The effect of the present invention is not sufficiently observed in a polyamide having an extremely high rate of crystallization even if it is almost free from moisture, a polyamide whose crystallization rate is less apt to be affected by the moisture therein, and a polyamide in which the glass transition temperature is close to the crystallization temperature even if it is almost free from moisture. The effect of the present invention is remarkably observed in a specific polyamide, that is, a crystallizable homopolyamide or copolyamide being in an amorphous state that is formed from xylylenediamine and an aliphatic dicarboxylic acid having 4 to 14 carbon atoms or an aromatic dicarboxylic acid. The polyamide to be used in the present invention is the above-mentioned polyamide.

The xylylenediamine is exemplified by m-xylylenediamine, p-xylylenediamine and o-xylylenediamine and may contain one or two or more of them.

The aliphatic dicarboxylic acid having 4 to 14 carbon atoms is exemplified by succinic acid, adipic acid, sebacic acid and dodecanedioic acid. The aromatic dicarboxylic acid is exemplified by isophthalic acid, terephthalic acid and 2,6-naphthalenedicarboxylic acid. The dicarboxylic acid may contain one or two or more of the above-exemplified ones. Of these, adipic acid is preferably usable in view of the physical properties and the like of a product molded from the polyamide. Also preferable is a crystallizable homopolyamide or copolyamide that is formed from a xylylenediamine composed of at least 60 mol % of m-xylylenediamine and at most 40 mol % of p-xylylenediamine and at least one dicarboxylic acid selected from the group consisting of adipic acid, terephthalic acid and isophthalic acid in view of the physical properties and the like of a product molded from the polyamide. The polyamide to be used in the present invention is, as described hereinbefore, a polyamide which is formed from a xylylenediamine and an aliphatic dicarboxylic acid having 4 to 14 carbon atoms or an aromatic dicarboxylic acid, but may be a copolyamide containing at most 20 mol % of polyamide chain unit (units) other than the above-mentioned polyamide based on the same.

The other compound which forms the polyamide chain unit (units) is not specifically limited, but is exemplified by a lactam such as caprolactam, valerolactam, laurolactam and undecalactam; an aminocarboxylic acid such as 11-aminoundecanoic acid and 12-aminodecanoic acid; and a diamine such as tetramethylenediamine, hexamethylenediamine and 1,3-bisaminomethylcyclohexane.

The crystallizable polyamide to be used in the present invention is a polyamide in which a heat absorption peak assigned to melting is identified in DSC (differential scanning calorimetry) and which has a crystallinity of at least 15%, preferably at least 20% after being dried or solid-phase polymerized. By the term "crystallizable polyamide being in an amorphous state" as used herein is meant a polyamide which is maintained in a transparent state by quenching and the like after being melted.

The heating apparatus to be used for the drying and solid-phase polymerization of the polyamide according to the present invention being a batchwise heating apparatus, is preferably exemplified by but not limited to a rotary-drum type heating apparatus such as a Tumble drier, a Conical drier and a Rotary drier as well as a Nauta mixer which is a conical heating apparatus equipped inside with rotational blades.

The operational conditions of the batchwise heating apparatus, namely the moving velocity of polyamide granules in the apparatus is selected within the scope that the polyamide granules are uniformly subjected to heat transfer, and thus there is no need to impart the granules with a high moving velocity intended for the prevention of tackified sticking. Since the moving velocity of the polyamide granules depends upon the packing factor and agitational velocity, the agitational velocity needs to be high for a high packing factor so that the granules are uniformly heated, whereas it can be lowered for a low packing factor. Specifically in the case of a rotary drum, the number of revolutions of the drum is preferably 0.5 to 30 rpm for a packing factor of less than 40%, and 2 to 60 rpm for a packing factor of not less than 40%. The above-mentioned velocity or the number of revolutions is not specifically limited to the foregoing provided that the operational conditions satisfy the uniform heat transfer through the polyamide granules.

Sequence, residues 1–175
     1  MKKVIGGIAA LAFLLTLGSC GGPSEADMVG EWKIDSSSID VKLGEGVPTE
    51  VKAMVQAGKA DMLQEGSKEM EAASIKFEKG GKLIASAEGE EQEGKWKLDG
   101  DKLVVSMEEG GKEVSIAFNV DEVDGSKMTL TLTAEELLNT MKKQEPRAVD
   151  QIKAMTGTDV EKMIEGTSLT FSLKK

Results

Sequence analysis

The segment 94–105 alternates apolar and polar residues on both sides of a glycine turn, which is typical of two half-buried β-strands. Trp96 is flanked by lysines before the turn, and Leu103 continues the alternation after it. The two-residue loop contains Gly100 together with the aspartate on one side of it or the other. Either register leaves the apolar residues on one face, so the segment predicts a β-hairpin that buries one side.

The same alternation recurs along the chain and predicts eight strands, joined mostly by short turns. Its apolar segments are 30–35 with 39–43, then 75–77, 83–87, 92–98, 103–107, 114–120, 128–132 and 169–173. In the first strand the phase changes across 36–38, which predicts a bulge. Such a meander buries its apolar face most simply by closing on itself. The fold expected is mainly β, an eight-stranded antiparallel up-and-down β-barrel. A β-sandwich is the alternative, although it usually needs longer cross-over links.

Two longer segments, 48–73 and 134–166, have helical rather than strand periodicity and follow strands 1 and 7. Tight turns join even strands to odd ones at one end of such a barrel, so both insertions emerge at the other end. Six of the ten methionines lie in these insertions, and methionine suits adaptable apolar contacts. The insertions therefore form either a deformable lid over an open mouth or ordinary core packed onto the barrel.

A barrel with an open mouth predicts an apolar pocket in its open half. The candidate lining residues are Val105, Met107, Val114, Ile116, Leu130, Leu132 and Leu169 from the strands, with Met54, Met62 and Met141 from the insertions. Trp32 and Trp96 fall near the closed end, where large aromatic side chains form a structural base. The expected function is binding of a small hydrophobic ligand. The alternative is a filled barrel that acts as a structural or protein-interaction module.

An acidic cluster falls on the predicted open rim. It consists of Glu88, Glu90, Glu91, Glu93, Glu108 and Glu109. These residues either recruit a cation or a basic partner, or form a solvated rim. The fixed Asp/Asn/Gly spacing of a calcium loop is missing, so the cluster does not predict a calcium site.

The moisture concentration in the polyamide at the glass transition temperature thereof is preferably at least 0.15% by weight based on the polyamide for the purpose of preventing solidified sticking, and at least 0.25% by weight based on the same for the purpose of preventing not only solidified sticking but also tackified sticking. Moreover, taking into consideration the drying step after the crystallization and the removing procedure of the condensation water in the solid-phase polymerization step, the moisture concentration is preferably 0.25 to 5% by weight.

As a method for regulating the moisture concentration, mention may be made of a method in which polyamide granules are allowed in advance to absorb moisture or water by taking advantage of the moisture absorbing property of the polyamide so that the moisture concentration in the polyamide at the glass transition temperature thereof is regulated to a prescribed value, and subsequently the polyamide thus regulated is fed in a batchwise heating apparatus; a method in which polyamide granules along with ice, water or steam are fed in a batchwise heating apparatus, followed by the temperature raising to allow the polyamide to absorb moisture during the temperature raising so as to regulate the moisture concentration therein at the glass transition temperature thereof; and a method in Which polyamide granules are fed in a batchwise heating apparatus followed by temperature raising, water or steam is fed in the apparatus during the temperature rise of the granules from room temperature to the glass transition temperature to allow the polyamide to absorb moisture so as to regulate the moisture concentration therein at the glass transition temperature thereof. In each of the above-mentioned methods, excess moisture which is not absorbed in the polyamide may be present in the batchwise heating apparatus.